Despite criticism, Amazon’s acquisition of Whole Foods has proved to be a key catalyst to the fledgling grocer-e-commerce market a year later. How Amazon’s Whole Foods acquisition pushcarted the grocery e-commerce biz It’s been a year since Amazon acquired Whole Foods for $13.4B and set the grocery world ablaze, leaving every old school retailer wondering […]
August 23, 2018
Despite criticism, Amazon’s acquisition of Whole Foods has proved to be a key catalyst to the fledgling grocer-e-commerce market a year later.
How Amazon’s Whole Foods acquisition pushcarted the grocery e-commerce biz
It’s been a year since Amazon acquired Whole Foods for $13.4B and set the grocery world ablaze, leaving every old school retailer wondering how they would build anew.
But, as the dust settles, it turns out Amazon’s Scrooge McDuck-dive into groceries has kickstarted the grocery e-commerce world, forcing brick-and-mortar retailers to forge online partnerships with up-and-coming startups.
Meanwhile, TheNew York Times reports that Amazon’s own grocery service, AmazonFresh, has ironically struggled to gain ground.
Giants helping (future) giants
Food shopping is one of the final holdouts in major online retail, and the industry’s major players -- big and small -- owe Amazon (and the panic they caused) a thank you card.
Like Ocado, an online grocery company, who recently pushed its stock market value to $6.8B after it inked a partnership with Kroger for its robotic labor services in fulfillment centers.
Or Parcel, the same-day delivery startup Walmart acquired last October. And who could forget Alert Innovation, a small company that Walmart partnered with to use automated cars for pickup and transport of store orders.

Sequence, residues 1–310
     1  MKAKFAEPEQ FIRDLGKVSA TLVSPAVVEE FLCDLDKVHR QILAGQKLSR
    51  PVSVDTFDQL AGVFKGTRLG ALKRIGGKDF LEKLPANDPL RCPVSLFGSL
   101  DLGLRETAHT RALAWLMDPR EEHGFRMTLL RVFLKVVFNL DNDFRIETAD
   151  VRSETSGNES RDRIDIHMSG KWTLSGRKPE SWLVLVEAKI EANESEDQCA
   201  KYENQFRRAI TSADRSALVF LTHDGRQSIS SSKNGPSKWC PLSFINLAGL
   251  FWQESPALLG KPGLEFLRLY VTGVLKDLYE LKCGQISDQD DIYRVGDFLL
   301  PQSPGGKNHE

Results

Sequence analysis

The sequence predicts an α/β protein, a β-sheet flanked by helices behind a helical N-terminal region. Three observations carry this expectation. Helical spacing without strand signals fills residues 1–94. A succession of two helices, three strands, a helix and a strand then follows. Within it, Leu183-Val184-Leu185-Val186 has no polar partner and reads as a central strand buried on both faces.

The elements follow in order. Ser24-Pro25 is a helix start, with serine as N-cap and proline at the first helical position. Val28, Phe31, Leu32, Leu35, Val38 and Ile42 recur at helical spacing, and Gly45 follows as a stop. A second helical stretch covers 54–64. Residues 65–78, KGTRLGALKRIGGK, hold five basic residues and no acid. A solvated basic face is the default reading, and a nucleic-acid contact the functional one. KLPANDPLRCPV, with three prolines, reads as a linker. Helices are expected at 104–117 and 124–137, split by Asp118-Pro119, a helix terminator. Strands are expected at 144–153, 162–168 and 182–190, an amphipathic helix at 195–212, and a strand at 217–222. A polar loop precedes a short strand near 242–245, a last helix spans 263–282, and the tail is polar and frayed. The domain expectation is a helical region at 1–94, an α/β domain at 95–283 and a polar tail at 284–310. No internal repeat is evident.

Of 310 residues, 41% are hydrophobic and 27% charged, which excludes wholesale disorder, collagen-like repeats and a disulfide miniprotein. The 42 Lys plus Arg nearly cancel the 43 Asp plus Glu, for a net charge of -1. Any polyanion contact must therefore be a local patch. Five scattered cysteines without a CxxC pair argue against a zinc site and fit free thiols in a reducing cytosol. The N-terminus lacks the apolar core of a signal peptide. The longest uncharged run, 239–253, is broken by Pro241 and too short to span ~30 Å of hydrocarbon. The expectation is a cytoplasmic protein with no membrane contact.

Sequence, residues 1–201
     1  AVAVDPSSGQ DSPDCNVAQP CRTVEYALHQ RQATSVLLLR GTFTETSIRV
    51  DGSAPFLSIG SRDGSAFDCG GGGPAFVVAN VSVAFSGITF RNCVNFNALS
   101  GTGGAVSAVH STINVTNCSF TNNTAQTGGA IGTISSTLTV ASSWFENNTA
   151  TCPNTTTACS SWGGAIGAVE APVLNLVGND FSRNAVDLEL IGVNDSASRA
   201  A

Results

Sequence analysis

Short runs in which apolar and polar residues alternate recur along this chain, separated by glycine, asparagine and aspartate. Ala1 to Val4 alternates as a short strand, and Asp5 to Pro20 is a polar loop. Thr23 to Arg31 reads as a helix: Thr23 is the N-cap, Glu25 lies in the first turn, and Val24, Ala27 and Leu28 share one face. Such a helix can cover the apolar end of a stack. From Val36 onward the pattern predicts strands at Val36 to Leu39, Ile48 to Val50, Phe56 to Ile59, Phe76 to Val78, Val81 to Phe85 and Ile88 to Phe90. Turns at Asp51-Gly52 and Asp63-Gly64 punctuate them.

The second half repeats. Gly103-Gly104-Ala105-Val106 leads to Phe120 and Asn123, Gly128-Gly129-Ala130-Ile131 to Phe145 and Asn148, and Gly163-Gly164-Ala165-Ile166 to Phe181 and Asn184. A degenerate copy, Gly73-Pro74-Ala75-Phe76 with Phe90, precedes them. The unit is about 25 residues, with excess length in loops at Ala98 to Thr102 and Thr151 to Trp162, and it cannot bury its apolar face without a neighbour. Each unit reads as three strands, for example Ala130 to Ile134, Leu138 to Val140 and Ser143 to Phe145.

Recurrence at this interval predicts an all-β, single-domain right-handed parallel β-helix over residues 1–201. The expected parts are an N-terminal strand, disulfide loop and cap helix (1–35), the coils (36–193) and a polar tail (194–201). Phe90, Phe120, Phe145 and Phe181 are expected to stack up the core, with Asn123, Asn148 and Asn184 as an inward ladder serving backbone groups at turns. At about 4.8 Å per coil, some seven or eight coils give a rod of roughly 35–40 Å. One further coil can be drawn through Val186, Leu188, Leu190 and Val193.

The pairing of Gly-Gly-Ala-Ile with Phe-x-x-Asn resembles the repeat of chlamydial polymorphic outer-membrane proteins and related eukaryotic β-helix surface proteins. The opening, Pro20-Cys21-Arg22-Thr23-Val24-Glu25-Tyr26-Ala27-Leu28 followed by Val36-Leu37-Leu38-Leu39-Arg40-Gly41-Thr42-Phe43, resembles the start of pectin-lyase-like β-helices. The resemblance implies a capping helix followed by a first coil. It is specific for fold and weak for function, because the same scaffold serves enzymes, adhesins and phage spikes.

Then there’s Boxed…
NYT reports that it took the CEO of Boxed, Chieh Huang, years to get grocery industry executives excited about the grocery e-commerce company’s autonomous warehouse technology.
But, all of that changed after the Whole Foods acquisition: On Tuesday, Boxed announced it had sold a minority stake to Aeon Group, one of the largest retail chains in Japan, valuing the startup at $600m.
Whole Foods was a wake-up call to old school retailers
Global food retailing is a $5T business and, while just 3% of the world’s grocery spending happened online last year, online grocery sales are expected to double over the next 4, to reach an estimated $334B by 2022.
Talk about a Supermarket Sweep...
Always grab the ham
Mattress Firm is no good in the sheets, so Serta got in bed with Tuft & Needle
Serta Simmons Bedding, the mega-mattress makers that have been slingin’ springs since 1870, just bought a 6-year-old bootstrapped mattress startup called Tuft & Needle.
Since direct-to-consumer mattress startups like Tuft & Needle and Casper swiped 20% market share out from under Big Mattress companies while they were sleeping, Serta is looking to even the score.
Not your typical mattress matrimony